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POP MUSIC REVIEW : 'Almost Acoustic': Wrapped Up in Short, Loud Sets

December 20, 1995|RICHARD CROMELIN | SPECIAL TO THE TIMES

Now that its sixth annual edition is in the books, it's time to change the wattage or change the name of the KROQ "Almost Acoustic Christmas" concerts.

With all but one of the 13 acts at Monday's Universal Amphitheatre show playing in their usual electric format, even the "almost" in the title became all but inoperative, leaving the annual charity bash in danger of becoming a faceless parade of bands playing a fraction of their usual sets. It's like an all-star game: All the big names are there, but no one gets many minutes.

As it is, this year's two-night package was more impressive as a feat of talent-booking ability, stage-crew efficiency and audience endurance than as a springboard for unique musical moments.

The value of living up to the implied premise goes beyond matters of volume and texture--it reflects and encourages attention and alertness in both artist and audience. Case in point: Alanis Morissette, whose enterprising acoustic recasting of her music made her the most distinctive performer on both Sunday's and Monday's marathon shows.

The rest of Monday's lineup captured the conservative mood of this year in rock, with almost everyone seeking direction in the past rather than originating new paths: Silverchair looks to Nirvana, the Goo Goo Dolls to the Replacements and Husker Du, Lenny Kravitz to '70s funk and Sly & the Family Stone, the Rentals to new wave and ELO, Oasis to most every British band that ever existed.

Given that all the acts had less than half their usual time to build up steam, Australian schoolboy trio Silverchair managed to mount perhaps the most powerful attack, with singer-guitarist Daniel Johns spearheading a wailing, churning, grunge-metal sound. The angst didn't ring entirely true, but this is a band with room to grow.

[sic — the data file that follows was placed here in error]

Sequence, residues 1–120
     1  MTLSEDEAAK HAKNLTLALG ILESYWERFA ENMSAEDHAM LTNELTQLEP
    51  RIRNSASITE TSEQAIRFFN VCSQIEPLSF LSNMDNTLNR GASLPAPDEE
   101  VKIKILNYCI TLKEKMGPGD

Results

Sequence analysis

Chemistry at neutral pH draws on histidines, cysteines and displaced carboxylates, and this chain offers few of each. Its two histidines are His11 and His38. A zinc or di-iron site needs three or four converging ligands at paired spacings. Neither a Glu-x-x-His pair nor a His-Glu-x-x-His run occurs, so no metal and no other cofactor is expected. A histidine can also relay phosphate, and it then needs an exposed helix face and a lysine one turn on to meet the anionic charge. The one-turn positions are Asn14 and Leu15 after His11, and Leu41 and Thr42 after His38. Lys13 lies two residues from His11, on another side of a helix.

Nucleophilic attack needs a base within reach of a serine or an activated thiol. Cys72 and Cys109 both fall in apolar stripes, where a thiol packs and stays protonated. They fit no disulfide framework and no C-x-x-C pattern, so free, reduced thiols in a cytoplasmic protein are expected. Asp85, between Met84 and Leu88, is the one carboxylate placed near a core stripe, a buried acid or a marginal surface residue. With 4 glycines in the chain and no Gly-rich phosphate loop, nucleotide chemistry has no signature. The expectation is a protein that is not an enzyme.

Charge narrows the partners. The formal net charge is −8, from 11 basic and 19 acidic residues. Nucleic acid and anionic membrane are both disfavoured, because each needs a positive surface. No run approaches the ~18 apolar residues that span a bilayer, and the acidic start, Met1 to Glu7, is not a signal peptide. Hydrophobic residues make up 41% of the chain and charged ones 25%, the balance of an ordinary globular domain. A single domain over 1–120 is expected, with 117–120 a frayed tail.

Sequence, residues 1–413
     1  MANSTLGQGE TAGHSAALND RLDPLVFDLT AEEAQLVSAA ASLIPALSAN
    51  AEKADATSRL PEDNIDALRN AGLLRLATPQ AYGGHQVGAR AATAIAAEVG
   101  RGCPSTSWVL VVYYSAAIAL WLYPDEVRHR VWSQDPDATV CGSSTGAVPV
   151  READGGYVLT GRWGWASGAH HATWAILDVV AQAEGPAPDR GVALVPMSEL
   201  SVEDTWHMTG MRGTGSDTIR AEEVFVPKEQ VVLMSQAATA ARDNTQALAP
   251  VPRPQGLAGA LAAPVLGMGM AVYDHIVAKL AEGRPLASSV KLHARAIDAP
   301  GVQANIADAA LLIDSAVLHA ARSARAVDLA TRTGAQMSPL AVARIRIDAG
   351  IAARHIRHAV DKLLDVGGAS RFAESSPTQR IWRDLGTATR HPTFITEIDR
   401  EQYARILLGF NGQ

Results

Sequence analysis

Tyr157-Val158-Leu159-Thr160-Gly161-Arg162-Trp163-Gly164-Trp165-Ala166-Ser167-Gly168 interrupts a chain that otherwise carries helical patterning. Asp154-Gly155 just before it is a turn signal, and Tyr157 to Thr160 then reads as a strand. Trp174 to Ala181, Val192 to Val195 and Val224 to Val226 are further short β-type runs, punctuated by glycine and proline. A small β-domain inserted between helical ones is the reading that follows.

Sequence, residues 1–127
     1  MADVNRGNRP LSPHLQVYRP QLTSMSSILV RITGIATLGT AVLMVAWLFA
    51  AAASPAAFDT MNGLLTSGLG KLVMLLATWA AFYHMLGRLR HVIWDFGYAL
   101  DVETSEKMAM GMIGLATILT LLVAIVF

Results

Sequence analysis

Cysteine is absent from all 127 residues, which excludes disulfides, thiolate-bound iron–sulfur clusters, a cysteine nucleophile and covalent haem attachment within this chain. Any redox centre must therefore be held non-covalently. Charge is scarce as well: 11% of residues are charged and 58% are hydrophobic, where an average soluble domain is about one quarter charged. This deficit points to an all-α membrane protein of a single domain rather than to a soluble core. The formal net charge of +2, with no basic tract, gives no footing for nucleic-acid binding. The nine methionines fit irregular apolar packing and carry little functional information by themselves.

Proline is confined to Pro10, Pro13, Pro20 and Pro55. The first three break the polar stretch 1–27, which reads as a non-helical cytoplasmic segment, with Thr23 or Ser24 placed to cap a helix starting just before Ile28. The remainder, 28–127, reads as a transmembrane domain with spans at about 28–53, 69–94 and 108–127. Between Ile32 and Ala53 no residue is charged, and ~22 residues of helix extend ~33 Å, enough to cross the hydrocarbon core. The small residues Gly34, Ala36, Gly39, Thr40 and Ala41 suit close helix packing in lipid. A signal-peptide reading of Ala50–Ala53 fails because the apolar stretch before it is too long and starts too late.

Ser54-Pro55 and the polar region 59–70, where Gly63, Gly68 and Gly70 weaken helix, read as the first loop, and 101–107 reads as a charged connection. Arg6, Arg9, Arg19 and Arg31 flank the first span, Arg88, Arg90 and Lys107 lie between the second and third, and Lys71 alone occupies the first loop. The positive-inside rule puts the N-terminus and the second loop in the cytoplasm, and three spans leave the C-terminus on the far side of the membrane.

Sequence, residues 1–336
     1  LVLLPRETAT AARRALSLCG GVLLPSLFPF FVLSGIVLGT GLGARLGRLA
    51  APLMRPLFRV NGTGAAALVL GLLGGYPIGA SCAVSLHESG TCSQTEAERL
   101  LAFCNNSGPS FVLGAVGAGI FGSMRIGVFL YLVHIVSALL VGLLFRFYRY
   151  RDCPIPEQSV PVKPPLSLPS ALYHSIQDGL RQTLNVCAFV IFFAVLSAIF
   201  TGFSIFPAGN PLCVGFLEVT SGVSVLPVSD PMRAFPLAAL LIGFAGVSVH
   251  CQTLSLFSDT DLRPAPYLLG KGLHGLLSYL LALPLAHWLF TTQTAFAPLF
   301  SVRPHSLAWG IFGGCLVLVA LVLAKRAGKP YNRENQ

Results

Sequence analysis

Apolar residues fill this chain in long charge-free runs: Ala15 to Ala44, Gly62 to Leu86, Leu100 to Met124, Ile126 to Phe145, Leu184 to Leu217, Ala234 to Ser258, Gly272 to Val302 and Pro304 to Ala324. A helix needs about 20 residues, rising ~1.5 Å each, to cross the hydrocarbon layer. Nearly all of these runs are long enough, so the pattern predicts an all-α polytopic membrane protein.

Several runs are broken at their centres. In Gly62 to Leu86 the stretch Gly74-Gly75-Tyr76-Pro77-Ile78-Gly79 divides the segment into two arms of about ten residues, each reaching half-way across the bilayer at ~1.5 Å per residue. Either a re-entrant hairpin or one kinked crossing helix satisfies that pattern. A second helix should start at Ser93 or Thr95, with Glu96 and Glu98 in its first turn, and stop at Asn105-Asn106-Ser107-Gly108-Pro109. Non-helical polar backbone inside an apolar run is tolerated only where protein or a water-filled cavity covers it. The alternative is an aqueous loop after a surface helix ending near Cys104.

A band that needs to find some traction is Oasis. The current British-rock kingpins have been unable to put together a proper U.S. tour timed to their current album--"(What's the Story) Morning Glory?"--and they sputtered in this showcase.

Their meticulous, guitar-textured pop-rock can be engaging, if not especially passionate, but singer Liam Gallagher cut the urgency with his distracted manner. He spent a lot of time staring arrogantly into the crowd during long instrumentals, but there was no context for his haughtiness, so he just seemed silly and indulgent.

Oasis' less-heralded countrymen, Radiohead, combined aggressive playing, compelling vocals, restless invention and pointed attitude into the show's most complete package. Singer Thom Yorke was convincing in both his scornful and angelic modes, they played the evening's only Carly Simon song ("Nobody Does It Better") and they have one of the all-time top KROQ anthems in "Creep."

The concert also included first-night returnees Garbage, Joan Osborne and Bush, as well as Tripping Daisy, disco joke band Booty Quake and street artist cult-hero Wesley Willis, who fared better than he did on opening night.

The audience wasn't exactly with Willis all the way as he sat at his Casio and played his "Rock 'n' Roll McDonald's," reading the words from a sheet he held close to his face, but the crowd seemed either puzzled or intimidated enough by his compulsive chatter not to badger him this time.

Finally, the Christmas spirit takes hold.

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